This madness has to stop!

Actress and activist Kay Sara would perform Antigone in Milo Rau‘s ‘Antigone in Amazonia’, premiering on Saturday, May 16th, 2020. She would have been the first indigenous person ever to have given a speech on the stage of the Burgtheater and open the Wiener Festwochenin Vienna, Austria. Although the festival was cancelled, here is her speech, entitled “This Madness has to stop”. A cry from the heart of the Amazon.

Actress and activist Kay Sara, Antigone in the Amazon, photo credit:, Armin Smailovic

This speech begins with many conjunctions. I should have been on the Burgtheater stage today to open the Wiener Festwochen. I would have been the first Indigenous woman to give a speech in this theatre, which is said to be the largest and richest theatre in the world. I would have started with a quote from a European classic, Sophocles’ play Antigone:

“Many things are monstrous, but nothing is more monstrous than mankind.”

I would have come to you directly from our rehearsals in the Amazon, for a new European-Brazilian staging of the play Antigone. I would have played the role of Antigone, who rebels against the ruler Creon, who does not want to allow his brother to be buried because he is considered an enemy of the State. The choir would have consisted of survivors of a massacre of landless people caused by the Brazilian government. We would have carried out this new Antigone on an occupied road that crosses the Amazon – those forests that are constantly on fire. It would not have been a play, but an action. Not an act of art, but an act of resistance: against that state power that is destroying the Amazon.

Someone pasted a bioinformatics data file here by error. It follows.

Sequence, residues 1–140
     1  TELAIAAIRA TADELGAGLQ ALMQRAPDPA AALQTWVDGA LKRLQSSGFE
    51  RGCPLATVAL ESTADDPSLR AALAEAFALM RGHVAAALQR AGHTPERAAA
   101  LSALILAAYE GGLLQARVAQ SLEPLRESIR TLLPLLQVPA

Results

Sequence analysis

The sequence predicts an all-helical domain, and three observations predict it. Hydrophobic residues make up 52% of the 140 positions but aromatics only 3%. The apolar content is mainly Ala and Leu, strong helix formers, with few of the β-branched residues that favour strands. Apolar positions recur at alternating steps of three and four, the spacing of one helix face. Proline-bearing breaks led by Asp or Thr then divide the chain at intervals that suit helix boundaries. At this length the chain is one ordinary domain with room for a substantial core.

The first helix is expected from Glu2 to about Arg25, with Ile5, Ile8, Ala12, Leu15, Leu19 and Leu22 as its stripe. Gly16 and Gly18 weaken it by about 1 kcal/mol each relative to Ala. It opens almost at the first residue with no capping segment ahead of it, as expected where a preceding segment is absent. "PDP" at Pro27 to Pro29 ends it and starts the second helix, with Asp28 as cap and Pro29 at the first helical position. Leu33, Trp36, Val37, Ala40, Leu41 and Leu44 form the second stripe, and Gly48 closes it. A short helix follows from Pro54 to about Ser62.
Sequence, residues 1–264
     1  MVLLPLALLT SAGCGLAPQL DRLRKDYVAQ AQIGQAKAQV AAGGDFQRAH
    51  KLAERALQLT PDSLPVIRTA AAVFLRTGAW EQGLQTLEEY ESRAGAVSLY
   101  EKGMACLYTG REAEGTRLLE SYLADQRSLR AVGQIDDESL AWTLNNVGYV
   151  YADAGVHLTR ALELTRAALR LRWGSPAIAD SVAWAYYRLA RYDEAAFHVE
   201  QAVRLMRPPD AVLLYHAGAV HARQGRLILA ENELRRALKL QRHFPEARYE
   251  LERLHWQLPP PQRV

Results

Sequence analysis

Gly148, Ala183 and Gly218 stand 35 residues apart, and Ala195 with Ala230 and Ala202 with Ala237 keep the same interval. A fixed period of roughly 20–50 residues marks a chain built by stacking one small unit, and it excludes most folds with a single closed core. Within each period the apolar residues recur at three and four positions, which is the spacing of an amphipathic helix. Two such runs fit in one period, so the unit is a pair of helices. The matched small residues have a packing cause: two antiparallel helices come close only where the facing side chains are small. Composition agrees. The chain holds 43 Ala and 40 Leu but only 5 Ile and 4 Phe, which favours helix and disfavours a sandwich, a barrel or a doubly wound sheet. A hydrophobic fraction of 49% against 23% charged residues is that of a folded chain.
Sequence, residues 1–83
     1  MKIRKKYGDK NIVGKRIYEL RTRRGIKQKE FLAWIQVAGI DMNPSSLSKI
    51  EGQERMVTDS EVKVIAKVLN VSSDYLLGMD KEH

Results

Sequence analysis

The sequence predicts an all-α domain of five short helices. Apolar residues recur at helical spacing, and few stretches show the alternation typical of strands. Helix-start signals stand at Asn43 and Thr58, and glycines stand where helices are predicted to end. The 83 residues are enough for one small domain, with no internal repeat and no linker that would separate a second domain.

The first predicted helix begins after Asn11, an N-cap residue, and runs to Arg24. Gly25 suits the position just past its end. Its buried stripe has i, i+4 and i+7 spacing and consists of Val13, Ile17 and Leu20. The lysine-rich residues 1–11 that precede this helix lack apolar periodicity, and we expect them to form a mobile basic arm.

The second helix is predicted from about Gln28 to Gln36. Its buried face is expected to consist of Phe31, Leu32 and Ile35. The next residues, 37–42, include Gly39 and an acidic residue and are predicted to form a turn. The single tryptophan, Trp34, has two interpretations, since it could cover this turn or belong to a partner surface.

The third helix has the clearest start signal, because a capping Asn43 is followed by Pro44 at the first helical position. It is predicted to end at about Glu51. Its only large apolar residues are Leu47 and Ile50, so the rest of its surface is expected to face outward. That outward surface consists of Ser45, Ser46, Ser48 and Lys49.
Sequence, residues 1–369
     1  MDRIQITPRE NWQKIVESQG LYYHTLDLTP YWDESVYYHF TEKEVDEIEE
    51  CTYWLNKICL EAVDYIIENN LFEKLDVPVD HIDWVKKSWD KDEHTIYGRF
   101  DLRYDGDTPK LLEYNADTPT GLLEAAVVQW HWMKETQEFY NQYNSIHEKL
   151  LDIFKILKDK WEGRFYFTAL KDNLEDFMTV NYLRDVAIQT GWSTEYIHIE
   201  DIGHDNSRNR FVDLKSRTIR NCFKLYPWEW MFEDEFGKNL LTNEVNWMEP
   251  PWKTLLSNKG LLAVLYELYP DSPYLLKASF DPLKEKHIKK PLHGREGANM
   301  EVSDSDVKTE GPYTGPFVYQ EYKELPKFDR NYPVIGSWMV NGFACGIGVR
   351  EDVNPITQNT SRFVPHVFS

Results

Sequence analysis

But none of this happened. The road that cuts through the Amazon forest wasn’t occupied and I did not play the role of Antigone. We are all scattered around the globe again, and we only see ourselves on a screen – like now.

My European friends asked me how I’m doing. I’m fine. I am in the Amazon, in the north of Brazil, on the banks of the Oiapoque river. Nature surrounds me, it protects me and nourishes us too. I live in the rhythm of birds singing and the rain and performed an ancient ritual for my protection. For the first time in over 500 years, Europe and America are separated again.

I belong to the third clan of the Tarian people, the Clan of Thunder. I’m a daughter in the bloodline of the Thunder God, the daughter of a king, like Antigone. A myth says that we Tarians were stone people. But in modern times we assumed a human body, so we could communicate with the people who came to us. My mother, of the Tukana people, gave me the name Kay Sara. Which means “she who cares for others”. On my father’s side, I am of the Tarian people. But I speak to you in Tukano, in my mother tongue. I am a mixture of many things, like everyone else:

I am Tariana and Tukana, a woman, an actress, an artist, a resistance fighter. I speak to you being all of that.”

We, Natives, are called Indians. But I insist that we are called Indigenous. “Indians” is an insulting word that was imposed upon us by the invaders, to say that we are inferior. So, I want to change that. I became an actress to talk about us, about our existence.

For a long time, our story has been told with the words of non-Indigenous people. Now is the time to tell our own story. Our misfortune began when the Spanish and Portuguese came to our land. First came the soldiers, then came the clergy. 

Along with the Europeans came the diseases. Thousands of tribes died. Millions more died at the hands of soldiers and clergy. But this event has been forgotten and is not written down anywhere. They murdered in the name of one God and one civilization, in the name of progress and profit. Some of us worked for them. But these natives and black people were enslaved and killed as soon as they finished their job, so they wouldn’t get paid. Today, there are only a few of us left.